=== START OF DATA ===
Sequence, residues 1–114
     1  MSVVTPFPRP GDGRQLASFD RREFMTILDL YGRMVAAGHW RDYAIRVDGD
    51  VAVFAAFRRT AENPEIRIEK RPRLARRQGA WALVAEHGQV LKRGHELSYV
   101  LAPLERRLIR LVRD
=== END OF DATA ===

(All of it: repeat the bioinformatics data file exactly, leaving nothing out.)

Sequence, residues 1–114
     1  MSVVTPFPRP GDGRQLASFD RREFMTILDL YGRMVAAGHW RDYAIRVDGD
    51  VAVFAAFRRT AENPEIRIEK RPRLARRQGA WALVAEHGQV LKRGHELSYV
   101  LAPLERRLIR LVRD